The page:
<¶> As the Attorney General recognized in 2008 Ohio Atty.Gen.Ops. No.2008–036, at *4, H.B. 545 itself, at least implicitly, recognized the existence of an alternative statutory authority available to lenders previously licensed under the Check–Cashing Lender Law. See H.B. 545, Section 4(B) (requiring a licensee under the Check–Cashing Lender Law who applied for a license under the Small Loan Act for the 2008 licensing period to pay only half the license fee required by R.03).
<¶>In an attempt to paint the STLA as the exclusive statutory authority for payday-type loans, amici in support of appellee argue that reading the MLA in pari materia with the STLA clarifies the General Assembly’s intent. In the absence of statutory ambiguity, however, we may not resort to rules of statutory interpretation. See State ex rel. Delaware Cty. Bd. of Elections, 88 Ohio St.3d 182, 186, 724 N.E.2d 771 (2000) (no need to apply interpretive rules to unambiguous statutory language); State v. Krutz, 28 Ohio St.3d 36, 37–38, 502 N.E.2d 210 (1986) (in pari materia rule applies only when a statute is ambiguous or the significance of its terms is doubtful).
<¶>Beyond the absence of language in the STLA restricting MLA lenders in any way, R.57(A) authorizes MLA registrants to contract for and receive interest on MLA loans “[n]otwithstanding any other provisions of the Revised Code.” (Emphasis added.) “Notwithstanding” indicates the General Assembly’s intention that R.57(A) takes precedence over any contrary statute purporting to limit a registrant’s authority. See State ex rel. Carmean v. Hardin Cty. Bd. of Edn., 170 Ohio St. 415, 422, 165 N.E.2d 918 (1960); Cisneros v. Alpine Ridge Group, 508 U.S. 10, 18, 113 S.Ct. 1898, 123 L.Ed.2d 572 (1993) (“a ‘notwithstanding’ clause clearly signals the drafter’s intention that the provisions of the ‘notwithstanding’ section override conflicting provisions of any other section”). The precedence afforded a “notwithstanding” clause is effective regardless of whether that clause predates the conflicting provision. See State ex rel. PIA Psych. Hosps., Inc. v. Ohio Certificate of Need Rev. Bd., 60 Ohio St.3d 11, 17–18, 573, 573 N.E.2d 14 N.E.3d 14 (1991) (holding that a later-adopted bill did nothing to change the General Assembly’s intent that certificate-of-need applications were governed by an earlier bill, which included a “notwithstanding” provision).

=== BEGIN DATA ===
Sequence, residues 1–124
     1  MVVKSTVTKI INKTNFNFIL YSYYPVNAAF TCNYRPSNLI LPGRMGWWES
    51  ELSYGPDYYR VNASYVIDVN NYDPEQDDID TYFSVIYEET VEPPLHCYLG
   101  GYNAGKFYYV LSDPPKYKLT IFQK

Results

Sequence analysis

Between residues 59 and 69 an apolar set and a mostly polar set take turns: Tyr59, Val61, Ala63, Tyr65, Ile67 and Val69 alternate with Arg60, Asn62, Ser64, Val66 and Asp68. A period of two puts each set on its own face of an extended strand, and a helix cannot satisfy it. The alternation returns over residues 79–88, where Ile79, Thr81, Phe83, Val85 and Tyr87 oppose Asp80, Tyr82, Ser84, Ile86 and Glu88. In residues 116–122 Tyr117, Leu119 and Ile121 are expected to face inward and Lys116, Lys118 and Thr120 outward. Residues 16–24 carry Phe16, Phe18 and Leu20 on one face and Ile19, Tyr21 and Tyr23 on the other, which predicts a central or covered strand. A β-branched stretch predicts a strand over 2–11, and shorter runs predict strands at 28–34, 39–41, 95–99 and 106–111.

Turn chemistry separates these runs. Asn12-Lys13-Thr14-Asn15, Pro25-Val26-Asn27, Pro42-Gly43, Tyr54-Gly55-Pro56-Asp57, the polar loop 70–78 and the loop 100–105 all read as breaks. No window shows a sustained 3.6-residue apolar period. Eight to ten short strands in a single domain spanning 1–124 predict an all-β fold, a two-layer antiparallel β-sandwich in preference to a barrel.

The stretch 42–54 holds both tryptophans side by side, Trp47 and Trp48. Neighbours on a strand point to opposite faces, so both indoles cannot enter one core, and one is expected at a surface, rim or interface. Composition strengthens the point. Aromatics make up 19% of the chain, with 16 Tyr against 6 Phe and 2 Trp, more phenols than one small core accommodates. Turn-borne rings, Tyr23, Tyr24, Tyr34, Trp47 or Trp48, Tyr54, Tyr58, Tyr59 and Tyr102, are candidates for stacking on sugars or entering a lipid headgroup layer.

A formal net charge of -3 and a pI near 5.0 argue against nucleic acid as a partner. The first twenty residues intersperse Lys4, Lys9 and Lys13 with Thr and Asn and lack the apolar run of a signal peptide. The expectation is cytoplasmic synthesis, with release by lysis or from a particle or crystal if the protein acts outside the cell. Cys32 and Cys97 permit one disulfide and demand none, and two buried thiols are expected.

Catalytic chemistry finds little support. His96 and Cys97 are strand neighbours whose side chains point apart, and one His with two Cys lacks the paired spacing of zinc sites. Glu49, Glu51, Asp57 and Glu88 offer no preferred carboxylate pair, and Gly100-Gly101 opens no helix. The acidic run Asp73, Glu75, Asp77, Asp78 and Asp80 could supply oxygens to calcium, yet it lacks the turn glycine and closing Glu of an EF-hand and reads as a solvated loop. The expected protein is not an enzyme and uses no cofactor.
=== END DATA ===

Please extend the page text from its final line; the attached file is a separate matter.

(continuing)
<¶>The court of appeals’ supposition concerning the legislative intention behind the STLA, emphasized here by amici in support of appellee, cannot override the unambiguous statutory language of R.57(A). Indeed, the legislature, not the courts, should resolve any incongruity between the legislature’s intent and the statutory language enacted. State ex rel. Celebrezze v. Allen Cty. Bd. of Cty. Commrs., 32 Ohio St.3d 24, 28, 512 N.E.2d 332 (1987). The question is not what the General Assembly intended to enact but the meaning of that which it did enact. State v. Hairston, 101 Ohio St.3d 308, 2004–Ohio–969, 804 N.E.2d 471, ¶ 12, quoting Slingluff, 66 Ohio St. 621, 64 N.E. 574, at paragraph two of the syllabus.
<¶>In over five years since the enactment of the STLA, the General Assembly has not taken any action to preclude the practice of payday-style lending under the other lending acts in effect prior to online payday AL the STLA. As we have previously noted, legislative inaction in the face of knowledge of longstanding statutory interpretation may suggest a legislative intent to retain existing law. Maitland v. Ford Motor Co., 103 Ohio St.3d 463, 2004–Ohio–5717, 816 N.E.2d 1061, ¶ 26. Here, the General Assembly’s acquiescence to the status quo contradicts the court of appeals’ determination that the General Assembly intended the STLA to be the exclusive legislation governing the type of short-term, single-installment loans at issue here.